OCA vindicates woman who suffered from PTSD, domestic abuse
Toronto criminal lawyer Jacob Stilman says the Ontario Court of Appeal (OCA) has vindicated a woman he represented at trial, acquitting her of all drug charges after it agreed the lower-court judge failed to provide the jury with the tools it needed to reach a proper verdict. Toronto Sun
“This is a case that meant a great deal to me,” he tells AdvocateDaily.com. “This really is somebody who had been horribly treated, first by a boyfriend and then by the justice system, which gave her no latitude.
"Even after evidence was presented at the sentencing hearing from an expert psychologist and her own physician that this woman suffered from extreme PTSD due to her domestic abuser, the Crown still was pushing for a four-year prison sentence. Fortunately the trial judge accepted the opinions of the expert and only imposed a conditional sentence.”
Stilman represented Xiaomin Li, who was convicted of unlawfully producing marijuana and possession of marijuana for the purpose of trafficking. She received an 18-month conditional sentence. As Stilman points out, this sentence would not even be available any more, since this offence now carries a mandatory two-year prison sentence.
“I guess Ms. Li was 'fortunate' to have been charged in 2009 – otherwise the option to keep her out of prison would not even have been available to the judge at trial," he says.
Stilman says this case, where a traumatized woman was forced to play a minor role in a grow-op, underscores the absurdity of mandatory minimum prison sentences.
At trial, Stilman argued that Li’s conduct was excused by duress as she had participated in the crimes at the behest of a man with whom she had been involved in a romantic relationship. Li testified that she was physically, emotionally and sexually abused and that the man had threatened to kill her and her 18-year-old daughter.
Stilman explains it is s. 17 of the Criminal Code that sets out the statutory defence of duress, where a person commits an offence under the immediate threat of death or bodily harm and is excused from committing the offence.
“Anyone trying to avail themselves of this defence has to jump through a number of hoops, and the legal bar is set very high," he says. "But in the end, the test still permits the jury to apply what we call a modified objective test, in other words, would a reasonable person placed in the same circumstances as the accused have acted in the same way and engaged in the criminal activity.
"Also, since the accused has to demonstrate there was no reasonable avenue for escape, the circumstances of a serially abused woman who is in the direct company of her abuser during the commission of the offence are obviously different than those of someone who is not caught up in a toxic and abusive relationship. However, this distinction was not made clear in the trial judge’s instructions to the jury.”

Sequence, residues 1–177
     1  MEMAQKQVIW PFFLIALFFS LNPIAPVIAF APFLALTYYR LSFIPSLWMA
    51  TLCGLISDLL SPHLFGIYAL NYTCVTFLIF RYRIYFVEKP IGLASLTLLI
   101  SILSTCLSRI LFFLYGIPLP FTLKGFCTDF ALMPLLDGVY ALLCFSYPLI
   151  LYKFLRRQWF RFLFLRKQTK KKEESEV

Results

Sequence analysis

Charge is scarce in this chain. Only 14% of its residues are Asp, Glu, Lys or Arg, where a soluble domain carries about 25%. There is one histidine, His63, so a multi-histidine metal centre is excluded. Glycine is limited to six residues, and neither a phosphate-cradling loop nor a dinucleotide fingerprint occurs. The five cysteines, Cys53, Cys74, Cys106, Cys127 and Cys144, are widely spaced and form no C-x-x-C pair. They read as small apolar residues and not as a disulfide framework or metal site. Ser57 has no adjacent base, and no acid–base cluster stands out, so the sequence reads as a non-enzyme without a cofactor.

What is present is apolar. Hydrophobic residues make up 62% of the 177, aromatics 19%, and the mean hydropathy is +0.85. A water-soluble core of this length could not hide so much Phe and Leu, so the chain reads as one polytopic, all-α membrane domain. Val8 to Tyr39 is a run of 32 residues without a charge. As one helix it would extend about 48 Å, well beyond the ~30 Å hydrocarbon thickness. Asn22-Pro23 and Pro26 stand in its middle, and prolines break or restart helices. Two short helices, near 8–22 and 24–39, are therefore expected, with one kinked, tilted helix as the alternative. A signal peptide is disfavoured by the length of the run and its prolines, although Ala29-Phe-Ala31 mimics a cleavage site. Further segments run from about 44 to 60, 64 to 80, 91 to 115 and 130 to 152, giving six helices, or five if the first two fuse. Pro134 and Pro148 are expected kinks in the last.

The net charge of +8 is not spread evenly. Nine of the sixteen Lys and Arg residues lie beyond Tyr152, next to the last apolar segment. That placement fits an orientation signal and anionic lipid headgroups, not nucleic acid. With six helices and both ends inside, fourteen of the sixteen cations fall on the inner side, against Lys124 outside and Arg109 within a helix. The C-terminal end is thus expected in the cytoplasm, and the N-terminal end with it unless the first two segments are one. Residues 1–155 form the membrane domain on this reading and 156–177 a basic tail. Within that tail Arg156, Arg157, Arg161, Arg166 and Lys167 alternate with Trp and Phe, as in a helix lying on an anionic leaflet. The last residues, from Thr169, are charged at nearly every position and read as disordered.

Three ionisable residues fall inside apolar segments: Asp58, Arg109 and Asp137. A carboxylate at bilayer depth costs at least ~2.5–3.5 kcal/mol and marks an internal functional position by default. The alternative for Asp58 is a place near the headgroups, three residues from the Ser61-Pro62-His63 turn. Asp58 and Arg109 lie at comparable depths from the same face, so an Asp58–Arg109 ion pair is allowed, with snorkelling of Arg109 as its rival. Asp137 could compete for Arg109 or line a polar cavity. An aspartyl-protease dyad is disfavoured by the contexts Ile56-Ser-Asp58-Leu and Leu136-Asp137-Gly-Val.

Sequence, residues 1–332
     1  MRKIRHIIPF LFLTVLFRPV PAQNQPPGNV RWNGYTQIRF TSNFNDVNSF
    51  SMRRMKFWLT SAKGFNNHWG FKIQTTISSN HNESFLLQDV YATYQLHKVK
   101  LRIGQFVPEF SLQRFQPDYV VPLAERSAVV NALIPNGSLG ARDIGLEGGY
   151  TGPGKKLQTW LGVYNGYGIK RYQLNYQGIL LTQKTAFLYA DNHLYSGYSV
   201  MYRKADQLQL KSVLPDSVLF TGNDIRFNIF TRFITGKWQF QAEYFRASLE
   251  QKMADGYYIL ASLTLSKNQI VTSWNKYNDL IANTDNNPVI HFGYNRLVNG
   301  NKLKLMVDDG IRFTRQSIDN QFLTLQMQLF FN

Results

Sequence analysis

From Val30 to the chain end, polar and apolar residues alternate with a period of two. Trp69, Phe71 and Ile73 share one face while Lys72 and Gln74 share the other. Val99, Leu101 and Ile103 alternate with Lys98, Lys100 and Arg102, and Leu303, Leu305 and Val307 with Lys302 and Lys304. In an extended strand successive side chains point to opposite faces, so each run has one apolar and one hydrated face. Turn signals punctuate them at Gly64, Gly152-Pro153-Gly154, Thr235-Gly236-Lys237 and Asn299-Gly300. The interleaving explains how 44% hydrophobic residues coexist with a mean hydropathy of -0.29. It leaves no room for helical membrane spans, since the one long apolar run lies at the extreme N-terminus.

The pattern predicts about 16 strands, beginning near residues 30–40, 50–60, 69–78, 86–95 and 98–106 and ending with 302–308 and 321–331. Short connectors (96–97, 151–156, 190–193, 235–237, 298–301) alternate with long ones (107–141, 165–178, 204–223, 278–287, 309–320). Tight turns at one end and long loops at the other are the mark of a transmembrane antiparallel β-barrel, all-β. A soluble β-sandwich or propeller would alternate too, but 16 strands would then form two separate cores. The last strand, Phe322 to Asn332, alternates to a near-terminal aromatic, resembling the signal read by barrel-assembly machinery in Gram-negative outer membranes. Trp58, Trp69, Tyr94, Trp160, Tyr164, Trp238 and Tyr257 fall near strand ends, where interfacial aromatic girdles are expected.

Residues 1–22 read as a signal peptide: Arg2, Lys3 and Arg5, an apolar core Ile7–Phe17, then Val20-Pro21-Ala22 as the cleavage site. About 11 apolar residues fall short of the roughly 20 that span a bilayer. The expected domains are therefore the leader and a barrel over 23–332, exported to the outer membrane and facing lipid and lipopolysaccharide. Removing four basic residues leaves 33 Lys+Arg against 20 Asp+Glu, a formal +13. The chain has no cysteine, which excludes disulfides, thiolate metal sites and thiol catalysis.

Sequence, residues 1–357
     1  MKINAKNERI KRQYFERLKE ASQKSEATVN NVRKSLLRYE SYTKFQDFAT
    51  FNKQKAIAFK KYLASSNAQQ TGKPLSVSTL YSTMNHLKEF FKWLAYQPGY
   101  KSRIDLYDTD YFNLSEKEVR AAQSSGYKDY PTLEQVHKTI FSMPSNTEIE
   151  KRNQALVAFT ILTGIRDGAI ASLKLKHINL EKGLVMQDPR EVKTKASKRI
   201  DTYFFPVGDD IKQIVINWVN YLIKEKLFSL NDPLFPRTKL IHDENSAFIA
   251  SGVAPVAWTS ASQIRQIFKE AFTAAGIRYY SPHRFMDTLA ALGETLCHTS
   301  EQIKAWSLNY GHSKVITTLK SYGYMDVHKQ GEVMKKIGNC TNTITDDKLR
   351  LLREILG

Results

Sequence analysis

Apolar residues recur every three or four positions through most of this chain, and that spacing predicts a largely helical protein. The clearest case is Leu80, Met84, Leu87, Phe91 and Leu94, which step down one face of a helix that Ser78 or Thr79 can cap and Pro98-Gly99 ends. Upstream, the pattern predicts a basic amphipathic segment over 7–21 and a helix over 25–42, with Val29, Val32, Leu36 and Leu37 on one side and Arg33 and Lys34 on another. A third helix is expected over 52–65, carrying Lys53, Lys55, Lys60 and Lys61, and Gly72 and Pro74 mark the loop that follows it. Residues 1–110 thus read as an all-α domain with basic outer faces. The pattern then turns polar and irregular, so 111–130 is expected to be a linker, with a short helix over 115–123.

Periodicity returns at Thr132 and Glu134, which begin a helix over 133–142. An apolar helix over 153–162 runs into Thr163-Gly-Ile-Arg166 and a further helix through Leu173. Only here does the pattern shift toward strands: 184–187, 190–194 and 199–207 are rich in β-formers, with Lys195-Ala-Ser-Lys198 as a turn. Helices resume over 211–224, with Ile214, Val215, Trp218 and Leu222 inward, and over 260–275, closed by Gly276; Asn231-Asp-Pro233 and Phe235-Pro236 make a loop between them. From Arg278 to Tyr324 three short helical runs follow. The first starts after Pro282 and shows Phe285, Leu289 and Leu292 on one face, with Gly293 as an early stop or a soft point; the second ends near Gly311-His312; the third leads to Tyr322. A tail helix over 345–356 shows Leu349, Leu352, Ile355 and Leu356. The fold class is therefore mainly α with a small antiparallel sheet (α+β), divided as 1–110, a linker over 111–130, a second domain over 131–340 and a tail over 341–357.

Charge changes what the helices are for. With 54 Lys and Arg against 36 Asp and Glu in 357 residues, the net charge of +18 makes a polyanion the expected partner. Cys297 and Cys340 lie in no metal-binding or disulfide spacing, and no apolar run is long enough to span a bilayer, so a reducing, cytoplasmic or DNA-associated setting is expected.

Stilman says in the opinion of two experts and another doctor who gave evidence at trial, Li suffered from severe Post-Traumatic Stress Disorder (PTSD) and displayed all the signs of Battered Woman Syndrome.
“At trial, my argument to the jury was, when they were assessing what a reasonable person would do, they would have to see it through the lens of somebody who is suffering from Battered’s Woman Syndrome and PTSD. I argued the jury members had to modify the test and look at it in terms of Li's circumstances.”
The ground of appeal, argued by criminal lawyer Timothy E. Breen, was that “the trial judge erred in failing to relate the expert evidence regarding battered spouse syndrome to the objective elements of duress.”
The Court of Appeal in R. v. Li, 2016 ONCA 573 (CanLII), agreed and allowed the appeal.
The OCA said while the elements of duress were described in the judge’s charge to the jury as were an expert’s testimony supporting Li’s claim she was a victim of abuse and the behavioural characteristics of someone subjected to such abuse, “no effort was made to relate her evidence to the legal issues and principles in a manner that would equip the jury to reach its verdict.
“Read as a whole, the charge did not provide the jury with the tools it needed to assess the appellant’s defence. As a result, the convictions cannot stand,” Justice George R. Strathy writes for the panel.
Stilman says while Li has already served her conditional sentence, the OCA decision is a positive outcome for his client, who can continue rebuilding her life.
“This is a woman who came here after the 1989 Tiananmen Square massacre and has never been accepted as a refugee here in Canada — she has been in Canada on a temporary visa and would have been deported but for the efforts of her immigration lawyer, Roger Rowe," Stilman says. "There was a deportation scheduled for her about a week before the appeal hearing and Rowe was able to get it stayed by the federal court. Had this verdict not been reversed, Ms. Li, who has raised her daughter on her own, and who has worked hard every single day since her arrival in Canada, would have faced certain deportation.”